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Bainbridge's turf petition may not make November ballot
t Attorneys say the city doesn’t have the authority to put it to a vote
Before he hit the streets to gather signatures from people in favor of banning artificial turf on Bainbridge Island, Chris Van Dyk said he reviewed the law on the issue.
What he saw in January, he said, was pretty straightforward; he needed 966 signatures, or 10 percent of the votes cast in the 2007 general election to get his plan – which in addition to banning artificial turf on the island would impose a half-cent sales tax to pay for natural grass fields – on the November ballot.
Several months and more than 1,100 signatures later, Van Dyk presented his proposed initiative the city.
The plan was to have it forwarded to the county auditor for eventual placement on the November ballot.
There’s just one problem: the city may not have the legal authority to do so.
“It is my recommendation that the City Council and the city not take any steps to place the offered initiative on the ballot for the next general election,” said City Attorney Paul McMurray in a memo to councilors.
The reason, McMurray said, is that although voter initiative and referendum powers are available to voters in Washington cities, they aren’t automatic; they must be formally adopted first, something that hasn’t happened on Bainbridge.
In fact, according to legal consultants at the nonprofit Municipal Research and Services Center of Washington, less than 50 of the 281 cities incorporated in the state have formally adopted the powers that enable voters to place legislation on the ballot.
McMurray said that unless that were to change – something that can only happen through a strictly prescribed process – no local initiative, Van Dyk’s included, can be placed on the ballot.
McMurray’s opinion was backed by several other attorneys, including Jay Derr and Kitteridge Oldham, of Seattle firm GordonDerr, and Pat Mason, a senior legal consultant with MRSC.
“In my opinion, this is not a valid initiative petition and it may not be submitted to the voters in its present format at the November election,” Mason wrote in an email to McMurray.
According to state law, establishing the city’s powers of initiative and referendum could happen either by the submission of a petition with the number of signatures equal to 50 percent of the number of voters in the last general election, or by resolution of the City Council.
Regarding Van Dyk’s plan, one alternative to the initiative process would be for the council to submit a version of the proposed legislation to voters for an advisory vote, which wouldn’t be binding.
Another would be for councilors to leave voters out of the equation and vote themselves on the proposed legislation.
One way or another, Van Dyk thinks voters should have the final say.
“Our position is that just because the council hasn’t implemented the state law doesn’t mean we’re not entitled to the initiative process,” he said. “We acted in good faith – the city has all the power in the world to put this on the ballot.”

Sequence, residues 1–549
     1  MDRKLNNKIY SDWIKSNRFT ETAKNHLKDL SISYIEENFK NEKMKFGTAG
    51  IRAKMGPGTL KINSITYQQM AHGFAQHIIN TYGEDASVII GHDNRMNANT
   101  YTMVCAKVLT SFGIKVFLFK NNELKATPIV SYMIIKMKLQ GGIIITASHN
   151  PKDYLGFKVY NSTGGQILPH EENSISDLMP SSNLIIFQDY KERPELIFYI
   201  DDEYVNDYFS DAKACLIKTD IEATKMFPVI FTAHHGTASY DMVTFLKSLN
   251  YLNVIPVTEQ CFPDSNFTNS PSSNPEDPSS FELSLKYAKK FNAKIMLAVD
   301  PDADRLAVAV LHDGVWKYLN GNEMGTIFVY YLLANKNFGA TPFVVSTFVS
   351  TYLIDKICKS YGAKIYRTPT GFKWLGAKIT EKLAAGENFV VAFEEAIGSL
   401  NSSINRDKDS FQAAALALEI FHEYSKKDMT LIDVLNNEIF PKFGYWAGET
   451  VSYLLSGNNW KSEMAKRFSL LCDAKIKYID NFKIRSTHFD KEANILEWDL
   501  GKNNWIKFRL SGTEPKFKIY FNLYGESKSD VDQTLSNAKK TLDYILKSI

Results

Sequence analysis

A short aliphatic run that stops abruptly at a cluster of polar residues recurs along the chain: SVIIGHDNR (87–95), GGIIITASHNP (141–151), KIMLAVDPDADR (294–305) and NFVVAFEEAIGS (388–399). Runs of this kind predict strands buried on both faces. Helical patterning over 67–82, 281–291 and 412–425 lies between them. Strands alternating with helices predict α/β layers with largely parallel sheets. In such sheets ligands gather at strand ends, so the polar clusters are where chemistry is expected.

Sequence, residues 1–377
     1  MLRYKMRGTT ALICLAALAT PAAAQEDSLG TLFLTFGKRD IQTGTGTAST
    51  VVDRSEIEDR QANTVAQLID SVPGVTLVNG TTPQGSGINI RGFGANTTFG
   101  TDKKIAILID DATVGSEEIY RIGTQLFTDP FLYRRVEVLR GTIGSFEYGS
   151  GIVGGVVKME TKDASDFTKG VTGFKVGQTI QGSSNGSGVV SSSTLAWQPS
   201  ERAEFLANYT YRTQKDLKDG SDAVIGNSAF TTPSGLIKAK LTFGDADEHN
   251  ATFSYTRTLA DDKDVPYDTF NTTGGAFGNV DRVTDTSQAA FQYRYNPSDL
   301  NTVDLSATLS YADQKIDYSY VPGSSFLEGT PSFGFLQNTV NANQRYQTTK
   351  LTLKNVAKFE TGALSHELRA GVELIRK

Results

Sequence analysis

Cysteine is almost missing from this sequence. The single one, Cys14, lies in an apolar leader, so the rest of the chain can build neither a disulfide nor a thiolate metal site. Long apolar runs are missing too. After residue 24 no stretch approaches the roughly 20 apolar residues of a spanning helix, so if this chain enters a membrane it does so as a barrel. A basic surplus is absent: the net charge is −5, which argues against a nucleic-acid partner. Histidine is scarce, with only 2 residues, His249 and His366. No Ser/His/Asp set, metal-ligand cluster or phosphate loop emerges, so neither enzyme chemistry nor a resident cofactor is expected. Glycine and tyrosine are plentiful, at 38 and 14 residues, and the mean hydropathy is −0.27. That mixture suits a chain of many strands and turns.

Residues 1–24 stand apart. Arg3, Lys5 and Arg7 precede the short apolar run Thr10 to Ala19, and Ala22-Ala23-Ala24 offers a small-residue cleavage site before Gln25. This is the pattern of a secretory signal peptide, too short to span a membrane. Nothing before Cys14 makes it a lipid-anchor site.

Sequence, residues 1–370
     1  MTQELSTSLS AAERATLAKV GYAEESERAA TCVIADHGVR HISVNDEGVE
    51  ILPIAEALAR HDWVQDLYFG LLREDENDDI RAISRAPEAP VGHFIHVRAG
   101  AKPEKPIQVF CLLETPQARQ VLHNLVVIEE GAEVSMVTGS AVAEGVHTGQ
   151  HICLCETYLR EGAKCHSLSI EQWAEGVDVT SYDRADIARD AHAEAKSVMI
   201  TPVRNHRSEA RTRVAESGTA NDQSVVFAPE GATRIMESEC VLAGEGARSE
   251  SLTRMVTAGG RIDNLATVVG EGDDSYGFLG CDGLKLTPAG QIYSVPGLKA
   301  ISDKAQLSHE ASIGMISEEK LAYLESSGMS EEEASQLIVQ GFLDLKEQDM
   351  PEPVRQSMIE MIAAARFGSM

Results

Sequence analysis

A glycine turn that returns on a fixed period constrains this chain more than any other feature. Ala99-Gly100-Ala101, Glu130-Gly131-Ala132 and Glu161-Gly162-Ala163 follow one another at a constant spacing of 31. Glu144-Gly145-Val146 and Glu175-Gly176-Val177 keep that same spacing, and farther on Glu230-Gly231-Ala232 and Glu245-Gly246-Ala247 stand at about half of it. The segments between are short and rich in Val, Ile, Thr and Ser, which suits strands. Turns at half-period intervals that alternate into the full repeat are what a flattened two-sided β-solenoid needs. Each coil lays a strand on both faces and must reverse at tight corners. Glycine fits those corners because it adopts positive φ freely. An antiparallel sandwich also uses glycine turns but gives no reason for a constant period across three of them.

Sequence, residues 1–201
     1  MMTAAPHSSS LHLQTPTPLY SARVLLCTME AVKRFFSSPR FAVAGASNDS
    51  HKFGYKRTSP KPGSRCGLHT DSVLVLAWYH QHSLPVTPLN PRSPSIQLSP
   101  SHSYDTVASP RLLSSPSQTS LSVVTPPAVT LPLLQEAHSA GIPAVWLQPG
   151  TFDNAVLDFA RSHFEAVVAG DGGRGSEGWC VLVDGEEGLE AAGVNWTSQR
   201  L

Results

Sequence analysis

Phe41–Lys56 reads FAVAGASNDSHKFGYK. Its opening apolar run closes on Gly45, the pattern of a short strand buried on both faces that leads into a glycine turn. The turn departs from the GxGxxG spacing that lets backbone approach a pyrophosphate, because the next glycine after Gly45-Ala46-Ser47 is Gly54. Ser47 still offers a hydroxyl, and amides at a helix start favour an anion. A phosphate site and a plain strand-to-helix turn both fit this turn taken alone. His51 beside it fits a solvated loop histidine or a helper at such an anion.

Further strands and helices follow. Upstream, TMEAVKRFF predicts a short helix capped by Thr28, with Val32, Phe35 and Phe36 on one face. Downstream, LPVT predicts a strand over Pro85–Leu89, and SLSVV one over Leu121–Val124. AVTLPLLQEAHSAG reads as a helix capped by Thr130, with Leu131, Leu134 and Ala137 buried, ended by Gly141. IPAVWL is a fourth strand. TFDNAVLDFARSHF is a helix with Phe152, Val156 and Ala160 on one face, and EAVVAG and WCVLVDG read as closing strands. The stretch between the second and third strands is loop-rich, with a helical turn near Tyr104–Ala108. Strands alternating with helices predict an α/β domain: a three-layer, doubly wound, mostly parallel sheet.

Van Dyk’s push to ban artificial turf was launched in January, when he created the website plasticfieldsfornever.org. He and others are worried about the potential health and environmental impacts of the materials slated to be used at playing fields on the island.
Proponents of artificial turf fields counter that the materials are safe and more durable than natural surfaces.
As for the petition, Van Dyk said the initiative powers of voters are contained in the state constitution, which supersedes local law. He said the council should refer the proposed ordinance as proposed to voters. Improvements to the language of the plan would be fine, he said, as long as its “general meaning and intent” are preserved.
Derr and Oldham argue that the state constitution deals with statewide initiatives – those that would enact state laws – but not local initiatives that would enact city ordinances.
“While we cannot absolutely rule out the possibility that at some point in the future some court might conclude that the constitution automatically grants initiative power to enact ordinances to voters in all Washington cities, we note that... we have not located a single case reaching that holding – indeed we have not even located a case where the issue was raised.”
Pam James, of MRSC, concurred.
“It’s a first for me to hear about something like this,” she said Monday. “It’s confusing in a way because of the state powers that exist – but that’s a different mechanism.”
There are other voter-initiated processes that don’t apply to the same rules, such as a citizen effort currently underway to change the island’s form of government; a group of islanders has gathered nearly a 1,000 signatures to put the issue to a vote sometime next year using a mechanism that is subject to different requirements than standard initiatives.
Amid the ongoing and often complex debate between supporters and opponents of artificial turf, Van Dyk said this latest round of legal confusion caught him by surprise.
“Frankly, I didn’t see any problems,” he said. “We’re sort of plowing new ground.”